Trust administration in estate planning and the opioid crisis

In 2017, opioid-related overdoses were the leading cause of death for Americans under 50, and 12 percent of families acknowledged that they have a drug-dependent relative. In California and elsewhere in the country, this is becoming an issue of significant concern for families putting together estate plans. While families want to provide for the well-being of their family members, they are aware of the pitfalls of giving money directly to a substance abuser. The answer may be a fund that is set up as a trust. The trust administration is also an important component.

Leaving a person assets that can easily be turned into cash can be problematic for a person suffering from addiction. The temptation to feed a habit, particularly at a time of grief and increased stress, may be hard to resist. Establishing a trust that provides for recovery costs can be beneficial. Costs for therapy, rehabilitation, doctor’s bills and other expenses can be provided through a trust that does not provide cash directly to the addict. How the trust is administered may also impact the long-term success of the trust’s intent.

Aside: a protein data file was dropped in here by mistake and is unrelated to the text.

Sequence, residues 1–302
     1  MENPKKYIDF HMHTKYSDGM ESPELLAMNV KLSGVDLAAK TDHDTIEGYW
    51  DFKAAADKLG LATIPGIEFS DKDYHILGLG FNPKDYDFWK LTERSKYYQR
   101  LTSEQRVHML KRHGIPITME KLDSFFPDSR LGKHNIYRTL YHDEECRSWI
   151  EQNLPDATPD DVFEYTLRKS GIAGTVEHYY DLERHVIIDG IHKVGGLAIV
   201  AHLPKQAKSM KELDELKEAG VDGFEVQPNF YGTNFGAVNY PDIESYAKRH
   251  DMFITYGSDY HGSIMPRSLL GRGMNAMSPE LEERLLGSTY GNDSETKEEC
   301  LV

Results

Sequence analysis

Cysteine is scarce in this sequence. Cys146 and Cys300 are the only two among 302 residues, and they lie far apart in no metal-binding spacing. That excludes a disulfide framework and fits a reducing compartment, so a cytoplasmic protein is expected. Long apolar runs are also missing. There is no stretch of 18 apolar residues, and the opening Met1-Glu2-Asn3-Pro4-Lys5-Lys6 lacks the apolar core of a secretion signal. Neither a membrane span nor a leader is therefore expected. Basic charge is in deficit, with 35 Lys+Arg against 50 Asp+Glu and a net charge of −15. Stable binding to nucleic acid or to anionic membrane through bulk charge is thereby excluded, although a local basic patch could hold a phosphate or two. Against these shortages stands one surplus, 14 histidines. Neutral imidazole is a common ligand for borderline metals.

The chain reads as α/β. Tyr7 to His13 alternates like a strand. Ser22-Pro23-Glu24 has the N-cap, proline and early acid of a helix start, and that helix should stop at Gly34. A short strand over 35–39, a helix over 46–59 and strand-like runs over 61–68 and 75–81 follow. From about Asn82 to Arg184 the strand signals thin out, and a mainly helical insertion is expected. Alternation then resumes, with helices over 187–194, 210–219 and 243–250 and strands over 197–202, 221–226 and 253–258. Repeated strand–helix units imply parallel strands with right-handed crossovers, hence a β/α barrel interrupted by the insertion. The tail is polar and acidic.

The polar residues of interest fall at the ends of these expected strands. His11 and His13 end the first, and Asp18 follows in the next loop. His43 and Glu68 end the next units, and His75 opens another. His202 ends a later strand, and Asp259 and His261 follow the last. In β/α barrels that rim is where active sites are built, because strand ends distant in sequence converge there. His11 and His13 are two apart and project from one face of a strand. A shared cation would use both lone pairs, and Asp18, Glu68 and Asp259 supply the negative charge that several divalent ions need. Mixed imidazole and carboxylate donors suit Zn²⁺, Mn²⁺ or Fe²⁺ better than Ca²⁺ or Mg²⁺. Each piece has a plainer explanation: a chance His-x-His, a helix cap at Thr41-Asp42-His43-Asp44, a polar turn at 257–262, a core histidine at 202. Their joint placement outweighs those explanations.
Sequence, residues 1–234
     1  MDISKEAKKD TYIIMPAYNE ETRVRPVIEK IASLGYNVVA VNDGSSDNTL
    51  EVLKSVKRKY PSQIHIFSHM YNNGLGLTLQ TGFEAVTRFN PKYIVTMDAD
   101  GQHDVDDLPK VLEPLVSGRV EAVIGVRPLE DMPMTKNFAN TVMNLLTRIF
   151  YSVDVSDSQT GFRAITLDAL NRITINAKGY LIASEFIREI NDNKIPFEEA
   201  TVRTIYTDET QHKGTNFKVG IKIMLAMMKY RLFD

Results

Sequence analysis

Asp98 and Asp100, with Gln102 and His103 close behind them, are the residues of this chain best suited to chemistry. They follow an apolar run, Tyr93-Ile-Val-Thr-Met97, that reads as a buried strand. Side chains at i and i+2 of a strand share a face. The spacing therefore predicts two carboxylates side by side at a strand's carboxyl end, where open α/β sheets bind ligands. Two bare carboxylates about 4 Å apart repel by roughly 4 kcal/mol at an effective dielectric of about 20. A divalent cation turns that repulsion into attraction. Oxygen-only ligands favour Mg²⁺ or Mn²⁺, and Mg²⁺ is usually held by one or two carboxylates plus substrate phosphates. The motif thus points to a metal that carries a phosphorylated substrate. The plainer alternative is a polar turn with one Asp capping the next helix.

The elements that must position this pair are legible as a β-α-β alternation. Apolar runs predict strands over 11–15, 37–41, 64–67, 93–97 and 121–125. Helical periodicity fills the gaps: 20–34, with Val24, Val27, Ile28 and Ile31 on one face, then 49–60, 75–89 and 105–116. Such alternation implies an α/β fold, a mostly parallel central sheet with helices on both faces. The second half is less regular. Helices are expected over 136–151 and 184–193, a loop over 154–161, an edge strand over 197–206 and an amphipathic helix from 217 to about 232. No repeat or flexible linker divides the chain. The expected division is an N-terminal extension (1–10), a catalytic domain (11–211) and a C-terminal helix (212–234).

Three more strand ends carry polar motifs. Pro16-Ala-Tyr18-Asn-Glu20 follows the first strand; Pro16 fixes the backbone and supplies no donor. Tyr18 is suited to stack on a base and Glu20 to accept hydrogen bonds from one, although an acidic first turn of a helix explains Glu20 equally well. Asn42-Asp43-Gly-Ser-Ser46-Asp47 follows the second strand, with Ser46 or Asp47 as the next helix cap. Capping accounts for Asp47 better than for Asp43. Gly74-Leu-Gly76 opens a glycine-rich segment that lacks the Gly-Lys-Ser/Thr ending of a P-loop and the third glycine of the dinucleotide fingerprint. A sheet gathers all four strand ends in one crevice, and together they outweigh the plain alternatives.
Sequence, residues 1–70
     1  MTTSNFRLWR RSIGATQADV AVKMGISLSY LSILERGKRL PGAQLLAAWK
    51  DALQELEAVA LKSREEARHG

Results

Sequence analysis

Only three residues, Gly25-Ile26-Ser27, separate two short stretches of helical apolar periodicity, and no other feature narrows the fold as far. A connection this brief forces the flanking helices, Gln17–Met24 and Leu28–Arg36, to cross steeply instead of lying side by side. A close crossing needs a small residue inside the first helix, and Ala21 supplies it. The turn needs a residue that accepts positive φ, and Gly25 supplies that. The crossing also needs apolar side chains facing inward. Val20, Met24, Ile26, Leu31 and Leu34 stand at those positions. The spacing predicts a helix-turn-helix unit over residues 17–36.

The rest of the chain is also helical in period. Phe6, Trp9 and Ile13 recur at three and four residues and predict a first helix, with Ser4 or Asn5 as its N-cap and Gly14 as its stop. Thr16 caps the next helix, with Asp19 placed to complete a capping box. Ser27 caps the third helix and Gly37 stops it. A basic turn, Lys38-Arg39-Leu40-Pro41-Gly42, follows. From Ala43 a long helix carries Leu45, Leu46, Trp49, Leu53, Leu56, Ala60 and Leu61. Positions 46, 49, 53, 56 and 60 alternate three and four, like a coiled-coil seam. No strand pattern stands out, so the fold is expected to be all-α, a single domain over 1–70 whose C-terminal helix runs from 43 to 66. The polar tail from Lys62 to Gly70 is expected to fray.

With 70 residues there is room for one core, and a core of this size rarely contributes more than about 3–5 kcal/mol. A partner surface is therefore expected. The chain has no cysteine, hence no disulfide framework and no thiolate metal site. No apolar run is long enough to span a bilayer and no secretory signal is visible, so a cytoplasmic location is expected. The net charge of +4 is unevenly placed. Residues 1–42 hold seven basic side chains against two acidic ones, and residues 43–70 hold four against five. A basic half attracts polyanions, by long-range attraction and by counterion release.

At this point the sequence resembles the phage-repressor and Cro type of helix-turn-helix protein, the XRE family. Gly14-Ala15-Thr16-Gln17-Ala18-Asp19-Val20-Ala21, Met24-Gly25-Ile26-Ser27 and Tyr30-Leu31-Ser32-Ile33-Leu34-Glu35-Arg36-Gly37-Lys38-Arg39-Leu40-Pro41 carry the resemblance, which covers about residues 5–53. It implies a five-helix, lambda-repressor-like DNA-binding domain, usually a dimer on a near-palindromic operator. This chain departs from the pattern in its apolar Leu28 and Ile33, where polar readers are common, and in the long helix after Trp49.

Many people think that naming a sibling or other family member as a trustee in such a case can be beneficial. Even close siblings or relatives can become estranged and grow hostile with each other when addiction is involved. In such an instance, a family may want an impartial and objective third party to administer the trust.

A family in such a situation in California may wish to seek the counsel of an experienced estate planning attorney. A knowledgeable attorney may be able to advise his or her clients of options regarding setting up the trust for a drug-dependent family member. An experienced lawyer may also be able to answer questions regarding the trust administration in such a situation.

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